Experts urged to ratify Minamata Convention to phase out mercury-added products পারদযুক্ত পণ্যের ব্যবহার বন্ধে মিনামাতা কনভেনশন অনুমোদনের আহ্বান সেন্টমার্টিন সৈকতে প্লাস্টিকের আগ্রাসন 72 birds die eating pesticide-treated masakalai Educate girls to save the planet শিশুর সর্দি-কাশি সারানোর ঘরোয়া উপায় 50 Books All Kids Should Read Before They’re 12 24 thousand under 5 children die of pneumonia in Bangladesh annually গ্রিনহাউস গ্যাস কমানোর লক্ষ্যে নানা উদ্যোগ Maldives: Eco-friendly product export destination for Bangladesh

Animals Rescued From the ‘World’s Worst Zoo’

When a rescue team arrived to evacuate a closing zoo near the Gaza Strip city of Khan Younis in late August, just 15 animals remained. They included Laziz, a nine-year-old Bengal tiger that is—according to Four Paws, the Vienna-based animal-welfare nonprofit that led the rescue—the last tiger in Gaza. There were also five monkeys, an emu, a pelican, two buzzards, two porcupines, two tortoises, and a doe. The doe had lost her fawn to wounds shortly before the rescuers arrived. Opened in 2007 on three and a half acres of land next to an amusement park, the Khan Younis Zoo has been called “the world’s worst zoo” by Four Paws and international media outlets. Hundreds of animals here starved to death during a seven-week war between Israel and Hamas in 2014. And last year, the surviving animals began sharing their cramped cages with the dead: Over 50 dead animals—including Laziz’s mate—were taxidermied by the zoo staff. Abu Diab Oweida, the Palestinian businessman who owned the zoo, said that the mummifications were politically motivated—done “to prove to the whole world that even animals have been affected and [killed] by the Israeli occupation after the three [recent] wars in the Gaza Strip.”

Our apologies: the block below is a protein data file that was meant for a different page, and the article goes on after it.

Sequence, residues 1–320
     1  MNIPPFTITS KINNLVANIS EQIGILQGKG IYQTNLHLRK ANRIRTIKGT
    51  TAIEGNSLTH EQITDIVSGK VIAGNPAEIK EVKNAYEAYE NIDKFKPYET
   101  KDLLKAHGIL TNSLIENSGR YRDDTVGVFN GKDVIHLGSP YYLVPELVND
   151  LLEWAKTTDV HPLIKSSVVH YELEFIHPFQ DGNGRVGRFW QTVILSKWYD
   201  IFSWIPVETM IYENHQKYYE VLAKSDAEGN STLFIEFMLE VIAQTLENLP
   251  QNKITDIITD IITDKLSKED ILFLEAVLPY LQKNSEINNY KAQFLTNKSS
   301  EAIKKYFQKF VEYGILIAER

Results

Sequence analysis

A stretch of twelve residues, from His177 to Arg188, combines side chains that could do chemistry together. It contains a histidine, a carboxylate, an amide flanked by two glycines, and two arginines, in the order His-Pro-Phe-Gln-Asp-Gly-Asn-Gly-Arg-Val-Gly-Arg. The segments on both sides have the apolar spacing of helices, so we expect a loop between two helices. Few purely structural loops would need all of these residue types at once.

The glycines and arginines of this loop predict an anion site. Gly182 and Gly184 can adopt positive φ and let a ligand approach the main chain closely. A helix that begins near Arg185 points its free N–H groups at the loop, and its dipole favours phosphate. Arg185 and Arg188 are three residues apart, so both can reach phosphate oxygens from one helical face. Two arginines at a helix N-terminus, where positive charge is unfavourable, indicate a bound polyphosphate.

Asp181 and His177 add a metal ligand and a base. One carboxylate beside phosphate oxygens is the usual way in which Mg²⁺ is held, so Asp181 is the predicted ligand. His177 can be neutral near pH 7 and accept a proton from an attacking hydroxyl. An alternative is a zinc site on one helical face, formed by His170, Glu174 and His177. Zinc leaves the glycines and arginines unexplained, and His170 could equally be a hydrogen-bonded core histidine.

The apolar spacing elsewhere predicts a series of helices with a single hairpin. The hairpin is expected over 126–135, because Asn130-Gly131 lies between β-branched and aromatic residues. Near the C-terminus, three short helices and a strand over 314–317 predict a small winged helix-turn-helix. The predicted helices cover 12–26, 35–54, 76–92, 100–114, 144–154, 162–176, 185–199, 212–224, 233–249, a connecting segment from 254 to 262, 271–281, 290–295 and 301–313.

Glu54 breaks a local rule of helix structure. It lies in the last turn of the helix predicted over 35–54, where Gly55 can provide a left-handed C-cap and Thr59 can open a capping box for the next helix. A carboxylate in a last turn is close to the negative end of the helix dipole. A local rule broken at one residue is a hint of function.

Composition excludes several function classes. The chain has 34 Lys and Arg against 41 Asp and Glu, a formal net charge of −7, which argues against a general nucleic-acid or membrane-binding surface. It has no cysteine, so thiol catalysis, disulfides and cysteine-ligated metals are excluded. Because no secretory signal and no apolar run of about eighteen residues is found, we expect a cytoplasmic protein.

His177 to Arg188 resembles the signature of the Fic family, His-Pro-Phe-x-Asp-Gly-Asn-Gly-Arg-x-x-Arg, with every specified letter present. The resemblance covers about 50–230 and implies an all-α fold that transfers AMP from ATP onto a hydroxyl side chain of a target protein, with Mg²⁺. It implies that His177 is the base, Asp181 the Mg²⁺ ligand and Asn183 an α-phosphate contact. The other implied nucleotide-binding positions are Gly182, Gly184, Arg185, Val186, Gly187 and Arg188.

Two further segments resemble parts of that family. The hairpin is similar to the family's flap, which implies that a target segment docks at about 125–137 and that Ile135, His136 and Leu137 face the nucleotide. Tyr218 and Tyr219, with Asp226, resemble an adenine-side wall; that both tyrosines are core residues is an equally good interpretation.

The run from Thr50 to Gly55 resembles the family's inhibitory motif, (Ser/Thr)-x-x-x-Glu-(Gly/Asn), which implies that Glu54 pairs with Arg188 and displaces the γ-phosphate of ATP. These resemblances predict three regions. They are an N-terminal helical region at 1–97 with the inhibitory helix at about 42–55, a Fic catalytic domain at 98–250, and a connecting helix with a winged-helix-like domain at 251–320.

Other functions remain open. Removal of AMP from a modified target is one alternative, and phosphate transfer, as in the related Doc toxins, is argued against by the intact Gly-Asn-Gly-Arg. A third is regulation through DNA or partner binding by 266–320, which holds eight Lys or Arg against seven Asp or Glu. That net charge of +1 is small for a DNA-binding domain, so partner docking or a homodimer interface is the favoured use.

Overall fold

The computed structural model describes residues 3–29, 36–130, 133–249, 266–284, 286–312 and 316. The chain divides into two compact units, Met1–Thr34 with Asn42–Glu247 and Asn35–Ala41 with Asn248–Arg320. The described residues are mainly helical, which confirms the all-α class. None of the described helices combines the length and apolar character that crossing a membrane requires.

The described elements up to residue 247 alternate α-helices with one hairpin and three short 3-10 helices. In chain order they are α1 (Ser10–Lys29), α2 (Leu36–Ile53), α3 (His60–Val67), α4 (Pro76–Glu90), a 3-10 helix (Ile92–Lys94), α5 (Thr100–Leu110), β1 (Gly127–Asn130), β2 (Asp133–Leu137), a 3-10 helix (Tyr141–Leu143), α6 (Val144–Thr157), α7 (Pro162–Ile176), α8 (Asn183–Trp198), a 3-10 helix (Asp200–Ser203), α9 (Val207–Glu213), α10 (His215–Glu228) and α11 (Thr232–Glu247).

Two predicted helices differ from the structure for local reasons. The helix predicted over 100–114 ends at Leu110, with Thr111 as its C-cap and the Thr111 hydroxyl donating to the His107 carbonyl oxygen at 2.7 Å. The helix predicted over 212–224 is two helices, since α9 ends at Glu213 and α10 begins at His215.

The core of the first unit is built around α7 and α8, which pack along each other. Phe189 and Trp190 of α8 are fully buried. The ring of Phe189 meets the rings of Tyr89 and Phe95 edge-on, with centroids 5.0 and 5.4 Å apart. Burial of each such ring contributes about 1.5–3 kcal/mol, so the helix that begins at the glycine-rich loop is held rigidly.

How It Happened

Four Paws and its director of emergency response, Amir Khalil, had sought for months to close the zoo and transfer the animals to sanctuaries. In late August, the ambitious rescue plan became reality. “The idea to close [the zoo came in] April of last year,” said Khalil, an Egyptian-born veterinarian who lives in Austria. “It was a concept last September. It was a plan this April. It was a mission in August.” Khalil needed to negotiate with four people: Oweida and three of his sons. In May they agreed on the concept of evacuating the zoo. “The Israeli occupation of Gaza,” says Oweida, “ended everything. They smashed and destroyed what [was] inside the Gaza Strip. So I decided to donate the animals to save what remained of [them], to live safely inside a nature reserve and in peace and security.” The rescue itself was complicated, “a complex coordination between Israeli, Palestinian, and international officials,” according to a spokesperson at the Israeli Coordinator of Government Activities in the Territories, a branch of the Ministry of Defense that liaises with the Palestinian population in the Gaza Strip and West Bank, and with international organizations working in both territories. “[The rescue] was not easy,” Khalil said. “To be neutral is not easy. I think Four Paws was a form of mediator between three, four countries”—Israel, Jordan, and the Palestinian governments of Hamas and Fatah.

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Posted by on Sep 27 2016. Filed under Wildlife. You can follow any responses to this entry through the RSS 2.0. You can leave a response or trackback to this entry

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